If you are having second thoughts about the home you just bought, you’re not alone. Nearly two-thirds of homeowners between the ages of 23 and 28 have some regret about their purchase, according to new survey data from Bankrate.

At 63 percent, millennials are more likely to regret the home they bought more than any other generations. Only 35 percent of baby boomers and 44 percent of all Americans surveyed feel the same way.

The survey was conducted via online questionnaire between January 30 and February 1 of this year. It included 2,668 adults from around the country, 1,493 of whom were homeowners.

Those who had buyers’ remorse said their regrets mostly stemmed from home maintenance costs and other unexpected expenses related to buying a home. Many millennials reported that hidden costs have caused them serious financial problems years after a purchase.

“Buyer’s remorse can easily be avoided with adequate research and planning,” said Bankrate analyst Deborah Kearns in a prepared statement.  “[…] Budgeting early on can prevent dipping into emergency savings or going into debt to handle these added expenses.”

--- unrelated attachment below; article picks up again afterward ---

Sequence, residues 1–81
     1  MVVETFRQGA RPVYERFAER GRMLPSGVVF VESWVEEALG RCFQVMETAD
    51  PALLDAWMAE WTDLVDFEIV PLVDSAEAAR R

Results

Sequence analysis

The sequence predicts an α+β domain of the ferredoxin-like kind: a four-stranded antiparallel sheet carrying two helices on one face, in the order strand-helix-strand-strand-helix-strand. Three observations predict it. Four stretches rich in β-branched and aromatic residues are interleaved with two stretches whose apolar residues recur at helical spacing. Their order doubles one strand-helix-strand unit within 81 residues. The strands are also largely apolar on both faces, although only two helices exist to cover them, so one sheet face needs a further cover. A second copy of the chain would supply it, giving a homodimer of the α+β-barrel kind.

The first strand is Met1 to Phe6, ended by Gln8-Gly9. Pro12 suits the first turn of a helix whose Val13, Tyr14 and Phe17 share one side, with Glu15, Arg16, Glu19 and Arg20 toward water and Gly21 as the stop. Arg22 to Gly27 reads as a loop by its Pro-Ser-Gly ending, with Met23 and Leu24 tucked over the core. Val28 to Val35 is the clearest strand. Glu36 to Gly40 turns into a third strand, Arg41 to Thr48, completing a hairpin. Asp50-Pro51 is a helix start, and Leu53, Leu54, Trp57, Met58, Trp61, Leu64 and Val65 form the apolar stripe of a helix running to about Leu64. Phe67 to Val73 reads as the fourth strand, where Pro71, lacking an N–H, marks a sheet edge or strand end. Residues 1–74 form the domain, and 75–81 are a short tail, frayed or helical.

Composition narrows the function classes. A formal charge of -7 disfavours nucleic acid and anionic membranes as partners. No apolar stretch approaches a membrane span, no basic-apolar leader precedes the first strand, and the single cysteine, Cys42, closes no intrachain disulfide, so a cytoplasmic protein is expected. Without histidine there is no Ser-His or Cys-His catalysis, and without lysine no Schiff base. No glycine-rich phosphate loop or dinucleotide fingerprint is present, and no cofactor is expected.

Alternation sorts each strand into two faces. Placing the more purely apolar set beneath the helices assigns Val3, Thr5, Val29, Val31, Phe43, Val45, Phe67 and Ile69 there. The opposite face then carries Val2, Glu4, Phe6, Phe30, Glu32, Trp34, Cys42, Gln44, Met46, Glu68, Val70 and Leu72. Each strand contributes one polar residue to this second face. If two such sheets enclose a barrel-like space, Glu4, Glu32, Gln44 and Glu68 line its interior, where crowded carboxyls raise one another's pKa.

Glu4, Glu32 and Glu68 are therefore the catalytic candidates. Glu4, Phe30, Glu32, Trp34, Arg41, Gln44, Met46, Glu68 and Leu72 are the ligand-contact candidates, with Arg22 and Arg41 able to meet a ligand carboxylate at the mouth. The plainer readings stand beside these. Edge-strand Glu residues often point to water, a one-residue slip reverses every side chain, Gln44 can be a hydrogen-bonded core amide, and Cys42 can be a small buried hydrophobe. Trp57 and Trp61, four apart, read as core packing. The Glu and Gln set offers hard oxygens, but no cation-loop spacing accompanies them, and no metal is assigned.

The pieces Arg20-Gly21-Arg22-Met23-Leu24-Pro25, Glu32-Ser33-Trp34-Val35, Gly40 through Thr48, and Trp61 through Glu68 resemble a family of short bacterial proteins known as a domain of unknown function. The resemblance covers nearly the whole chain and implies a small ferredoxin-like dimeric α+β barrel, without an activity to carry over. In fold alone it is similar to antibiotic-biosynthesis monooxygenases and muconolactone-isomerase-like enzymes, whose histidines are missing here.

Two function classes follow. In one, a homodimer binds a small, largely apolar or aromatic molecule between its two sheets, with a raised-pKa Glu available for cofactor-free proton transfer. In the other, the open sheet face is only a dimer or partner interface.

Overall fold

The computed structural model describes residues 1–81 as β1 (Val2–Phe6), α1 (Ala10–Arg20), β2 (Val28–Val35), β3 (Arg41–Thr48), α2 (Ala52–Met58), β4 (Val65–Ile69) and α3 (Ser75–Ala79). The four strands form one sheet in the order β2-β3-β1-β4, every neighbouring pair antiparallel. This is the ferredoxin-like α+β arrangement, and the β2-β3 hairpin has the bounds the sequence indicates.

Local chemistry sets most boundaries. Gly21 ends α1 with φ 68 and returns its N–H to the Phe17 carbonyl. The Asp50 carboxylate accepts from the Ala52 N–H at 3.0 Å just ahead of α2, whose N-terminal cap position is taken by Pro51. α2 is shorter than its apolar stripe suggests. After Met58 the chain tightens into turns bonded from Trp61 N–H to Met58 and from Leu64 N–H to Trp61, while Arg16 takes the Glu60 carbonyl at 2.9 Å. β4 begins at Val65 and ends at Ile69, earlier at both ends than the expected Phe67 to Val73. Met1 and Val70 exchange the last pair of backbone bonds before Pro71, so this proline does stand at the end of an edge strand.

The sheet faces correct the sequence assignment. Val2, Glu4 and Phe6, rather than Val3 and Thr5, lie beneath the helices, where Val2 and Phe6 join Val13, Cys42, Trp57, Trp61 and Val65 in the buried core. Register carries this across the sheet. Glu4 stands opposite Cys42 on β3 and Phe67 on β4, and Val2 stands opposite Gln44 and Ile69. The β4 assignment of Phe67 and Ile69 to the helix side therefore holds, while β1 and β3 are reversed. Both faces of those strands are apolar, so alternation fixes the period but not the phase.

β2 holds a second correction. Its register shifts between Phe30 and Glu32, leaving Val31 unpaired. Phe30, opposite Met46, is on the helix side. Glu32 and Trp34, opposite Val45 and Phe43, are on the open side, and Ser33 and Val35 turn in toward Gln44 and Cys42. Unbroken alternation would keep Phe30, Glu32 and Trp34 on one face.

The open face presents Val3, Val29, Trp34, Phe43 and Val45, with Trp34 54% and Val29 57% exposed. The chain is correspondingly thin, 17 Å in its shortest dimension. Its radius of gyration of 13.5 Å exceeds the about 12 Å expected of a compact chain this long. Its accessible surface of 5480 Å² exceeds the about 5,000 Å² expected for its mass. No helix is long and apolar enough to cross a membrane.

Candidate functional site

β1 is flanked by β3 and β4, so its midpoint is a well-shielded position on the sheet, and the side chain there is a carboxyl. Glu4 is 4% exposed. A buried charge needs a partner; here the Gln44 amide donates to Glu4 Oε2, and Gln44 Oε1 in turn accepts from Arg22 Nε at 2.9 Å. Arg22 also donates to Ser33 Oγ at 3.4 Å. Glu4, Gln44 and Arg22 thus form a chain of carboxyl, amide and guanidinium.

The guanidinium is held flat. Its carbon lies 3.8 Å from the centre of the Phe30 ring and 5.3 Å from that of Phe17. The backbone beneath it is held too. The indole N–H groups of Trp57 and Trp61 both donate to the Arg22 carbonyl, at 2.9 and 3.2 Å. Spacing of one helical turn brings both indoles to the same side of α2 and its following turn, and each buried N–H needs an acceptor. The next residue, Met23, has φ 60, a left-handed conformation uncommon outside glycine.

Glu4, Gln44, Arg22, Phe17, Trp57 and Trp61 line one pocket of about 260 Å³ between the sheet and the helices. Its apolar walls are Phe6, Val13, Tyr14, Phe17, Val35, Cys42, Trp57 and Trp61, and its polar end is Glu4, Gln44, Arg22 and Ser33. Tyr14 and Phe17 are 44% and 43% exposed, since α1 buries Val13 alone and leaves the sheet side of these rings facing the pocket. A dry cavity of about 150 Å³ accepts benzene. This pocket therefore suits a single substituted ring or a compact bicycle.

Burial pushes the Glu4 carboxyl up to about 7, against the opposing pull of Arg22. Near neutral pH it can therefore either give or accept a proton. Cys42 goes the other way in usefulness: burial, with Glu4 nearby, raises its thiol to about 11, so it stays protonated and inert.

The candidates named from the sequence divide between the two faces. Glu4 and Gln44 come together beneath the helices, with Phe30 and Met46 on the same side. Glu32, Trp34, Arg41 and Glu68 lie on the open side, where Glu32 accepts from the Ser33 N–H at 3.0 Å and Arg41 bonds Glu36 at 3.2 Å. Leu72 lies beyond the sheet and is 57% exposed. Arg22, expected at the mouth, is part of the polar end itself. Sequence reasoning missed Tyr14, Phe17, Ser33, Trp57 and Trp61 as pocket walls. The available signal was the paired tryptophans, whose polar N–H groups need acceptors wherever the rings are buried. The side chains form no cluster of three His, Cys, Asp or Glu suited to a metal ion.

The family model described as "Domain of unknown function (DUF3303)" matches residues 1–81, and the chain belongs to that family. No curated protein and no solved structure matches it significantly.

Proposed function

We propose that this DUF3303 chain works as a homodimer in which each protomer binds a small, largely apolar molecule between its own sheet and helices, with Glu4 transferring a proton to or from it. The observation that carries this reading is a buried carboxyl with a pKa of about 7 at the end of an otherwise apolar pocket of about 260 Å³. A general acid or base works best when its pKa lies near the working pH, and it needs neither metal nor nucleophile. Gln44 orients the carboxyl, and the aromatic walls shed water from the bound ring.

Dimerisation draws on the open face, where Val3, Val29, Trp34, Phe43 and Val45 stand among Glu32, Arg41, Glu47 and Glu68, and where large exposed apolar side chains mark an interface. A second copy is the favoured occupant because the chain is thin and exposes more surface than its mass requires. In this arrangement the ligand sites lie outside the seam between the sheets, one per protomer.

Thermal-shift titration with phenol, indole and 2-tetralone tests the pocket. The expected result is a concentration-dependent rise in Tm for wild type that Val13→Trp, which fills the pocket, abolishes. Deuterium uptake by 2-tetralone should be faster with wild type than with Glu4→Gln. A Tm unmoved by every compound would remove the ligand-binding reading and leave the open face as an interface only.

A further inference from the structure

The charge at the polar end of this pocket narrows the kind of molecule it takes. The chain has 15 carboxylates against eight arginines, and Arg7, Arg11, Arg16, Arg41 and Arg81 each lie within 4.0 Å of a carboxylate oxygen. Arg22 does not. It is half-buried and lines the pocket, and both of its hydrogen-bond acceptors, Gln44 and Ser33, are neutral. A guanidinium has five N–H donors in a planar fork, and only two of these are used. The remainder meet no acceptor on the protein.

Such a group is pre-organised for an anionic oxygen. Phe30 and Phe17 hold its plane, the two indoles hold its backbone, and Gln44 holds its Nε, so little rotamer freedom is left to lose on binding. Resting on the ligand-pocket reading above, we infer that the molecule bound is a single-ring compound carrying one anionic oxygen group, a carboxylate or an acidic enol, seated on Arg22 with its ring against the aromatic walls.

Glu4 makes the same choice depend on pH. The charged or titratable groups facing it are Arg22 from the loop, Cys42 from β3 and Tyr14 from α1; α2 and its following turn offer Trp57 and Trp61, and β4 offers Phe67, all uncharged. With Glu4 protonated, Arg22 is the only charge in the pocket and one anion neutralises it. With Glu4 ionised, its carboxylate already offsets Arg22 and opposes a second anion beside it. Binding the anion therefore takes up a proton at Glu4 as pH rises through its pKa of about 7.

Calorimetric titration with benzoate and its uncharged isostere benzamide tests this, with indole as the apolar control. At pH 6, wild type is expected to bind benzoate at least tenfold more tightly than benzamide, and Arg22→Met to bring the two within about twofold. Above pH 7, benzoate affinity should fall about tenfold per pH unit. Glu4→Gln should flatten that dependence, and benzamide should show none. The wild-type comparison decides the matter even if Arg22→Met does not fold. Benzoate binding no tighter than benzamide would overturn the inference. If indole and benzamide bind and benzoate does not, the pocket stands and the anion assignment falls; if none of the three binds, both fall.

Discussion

To avoid financial struggles, Bankrate recommends putting aside one percent of the home’s purchase price each year as a safety net for any breakdowns or unexpected repairs that may occur. But as mortgage rates rise and homeowners are forced to spend more and more of their paychecks on their monthly payments, that option may not be viable for everyone.

“Taking on a larger mortgage payment than you can comfortably handle is a recipe for disaster,” Kearns said.

That said, hidden costs was not the only reason for regret as 12 percent worried that they bought a house that’s too small while 7 percent felt that they had made a poor investment.

But even as homeownership slides increasingly out of reach, the dream of its unites most Americans — 79 percent of said that they feel owning their own home is a key part of the ‘American Dream.’

Email Veronika Bondarenko

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